The attacks didn't stop there. Setting himself up as the Ayatollah of Political Correctness, academic Ed Herman called us critics the “Cruise Missile Left” and officially excommunicated us out of the “real left” — whatever that is.

Then there is a handful of local L.A.-based career leftists whom I will not embarrass by printing their names as I still have some lingering respect for some of their political work during the 1980s — though some of them haven't had a new thought since. They have been circulating a crudely written letter on the Internet responding to David Corn's Weekly piece by accusing him of “red-baiting” and of conducting a “witch-hunt.” Worse, they express “admiration” for the work of International ANSWER, the front group used by the WWP in an attempt to control the anti-war movement. This letter reflects precisely the sort of primitive reflexes and grunts that pass for thinking and analysis on the fundamentalist fringe.

NOW HERE COMES THE GOOD NEWS. Corn, Gitlin and I were not the only longtime peaceniks concerned about the movement leadership. For the past couple of months some veteran anti-war organizers — some who privately say they had an “Oh shit . . .” reaction when they heard the superheated rhetoric coming out of the October 26 rally in Washington — have forged a new, broad-based coalition being unveiled this week. Headed up by former SANE leader David Cortright, the new Win Without War alliance includes the National Council of Churches, the NAACP, the National Organ-ization for Women and several other politically substantial groups. And far from being soft on Saddam, the new coalition supports the U.N. weapons-inspection regime and calls for all reasonable measures, short of war, to disarm the Iraqi dictator.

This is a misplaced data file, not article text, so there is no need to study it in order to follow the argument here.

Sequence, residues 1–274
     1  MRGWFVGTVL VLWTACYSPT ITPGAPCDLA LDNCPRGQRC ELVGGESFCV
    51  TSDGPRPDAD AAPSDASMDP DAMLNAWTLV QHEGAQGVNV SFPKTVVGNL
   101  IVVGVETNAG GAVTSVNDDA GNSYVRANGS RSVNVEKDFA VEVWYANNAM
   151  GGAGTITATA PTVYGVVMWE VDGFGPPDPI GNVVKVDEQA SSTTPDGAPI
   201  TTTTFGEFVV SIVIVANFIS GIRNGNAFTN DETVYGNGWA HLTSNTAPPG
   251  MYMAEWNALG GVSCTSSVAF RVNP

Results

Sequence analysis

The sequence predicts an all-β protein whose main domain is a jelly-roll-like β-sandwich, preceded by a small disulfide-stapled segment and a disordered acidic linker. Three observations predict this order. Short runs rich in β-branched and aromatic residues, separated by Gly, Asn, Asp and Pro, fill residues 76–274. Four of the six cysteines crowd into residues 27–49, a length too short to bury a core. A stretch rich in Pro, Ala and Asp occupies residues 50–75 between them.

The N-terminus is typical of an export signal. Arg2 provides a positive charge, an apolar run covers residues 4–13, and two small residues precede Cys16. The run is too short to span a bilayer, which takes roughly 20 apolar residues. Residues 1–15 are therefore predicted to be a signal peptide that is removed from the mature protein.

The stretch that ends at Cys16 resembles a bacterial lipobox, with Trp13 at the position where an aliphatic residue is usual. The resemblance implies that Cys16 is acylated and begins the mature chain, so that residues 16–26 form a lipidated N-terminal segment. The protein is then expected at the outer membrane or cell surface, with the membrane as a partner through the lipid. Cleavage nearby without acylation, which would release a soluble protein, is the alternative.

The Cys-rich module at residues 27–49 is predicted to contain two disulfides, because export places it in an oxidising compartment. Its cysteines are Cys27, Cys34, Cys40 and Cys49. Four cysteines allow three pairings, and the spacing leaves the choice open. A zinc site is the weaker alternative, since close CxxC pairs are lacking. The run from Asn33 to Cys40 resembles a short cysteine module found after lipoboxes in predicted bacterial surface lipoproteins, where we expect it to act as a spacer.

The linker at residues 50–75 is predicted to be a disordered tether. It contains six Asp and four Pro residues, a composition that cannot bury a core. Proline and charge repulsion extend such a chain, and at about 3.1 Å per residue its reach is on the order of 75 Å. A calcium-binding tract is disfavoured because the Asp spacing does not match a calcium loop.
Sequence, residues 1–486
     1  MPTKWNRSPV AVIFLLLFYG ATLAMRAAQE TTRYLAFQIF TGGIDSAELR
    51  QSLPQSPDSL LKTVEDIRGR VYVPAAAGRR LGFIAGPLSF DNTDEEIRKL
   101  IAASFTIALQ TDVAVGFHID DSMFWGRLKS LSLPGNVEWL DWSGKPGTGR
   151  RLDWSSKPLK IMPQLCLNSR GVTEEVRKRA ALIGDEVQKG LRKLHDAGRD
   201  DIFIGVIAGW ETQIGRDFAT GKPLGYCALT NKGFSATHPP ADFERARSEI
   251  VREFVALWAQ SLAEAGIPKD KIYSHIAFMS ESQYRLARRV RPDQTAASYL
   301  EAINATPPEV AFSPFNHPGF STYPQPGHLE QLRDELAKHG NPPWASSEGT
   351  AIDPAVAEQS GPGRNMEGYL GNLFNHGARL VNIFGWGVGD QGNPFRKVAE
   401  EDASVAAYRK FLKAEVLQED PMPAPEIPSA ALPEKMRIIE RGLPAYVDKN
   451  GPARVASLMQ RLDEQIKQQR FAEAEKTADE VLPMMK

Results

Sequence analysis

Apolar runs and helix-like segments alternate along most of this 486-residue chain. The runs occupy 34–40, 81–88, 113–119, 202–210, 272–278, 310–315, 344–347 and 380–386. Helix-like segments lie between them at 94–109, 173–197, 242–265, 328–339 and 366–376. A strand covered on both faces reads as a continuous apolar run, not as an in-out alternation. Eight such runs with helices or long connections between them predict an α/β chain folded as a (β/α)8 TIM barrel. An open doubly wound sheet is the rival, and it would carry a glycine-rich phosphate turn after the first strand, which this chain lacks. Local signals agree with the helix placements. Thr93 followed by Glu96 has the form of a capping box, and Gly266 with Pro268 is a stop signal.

“We clearly recognize that there is a real problem with Saddam Hussein, even if the Bush administration exaggerates it,” says actor and activist Mike Farrell. “We want the inspectors to do their job, to find and disable any threat.” Farrell, along with producer/director Robert Greenwald, has co-founded and now co-chairs a sort of Hollywood affiliate of Cortright's group. Artists United To Win Without War has gathered a hundred name celebrities — from Ed Asner and Kim Basinger to Matt Damon, David Duchovny, Samuel L. Jackson and Mia Farrow — along with a handful of ex-diplomats and military brass, to sign a public letter against the war. The text, which will appear in full-page newspaper ads this week, says, “The valid U.S. and U.N. objective of disarming Saddam Hussein can be achieved through legal diplomatic means. There is no need for war.” ä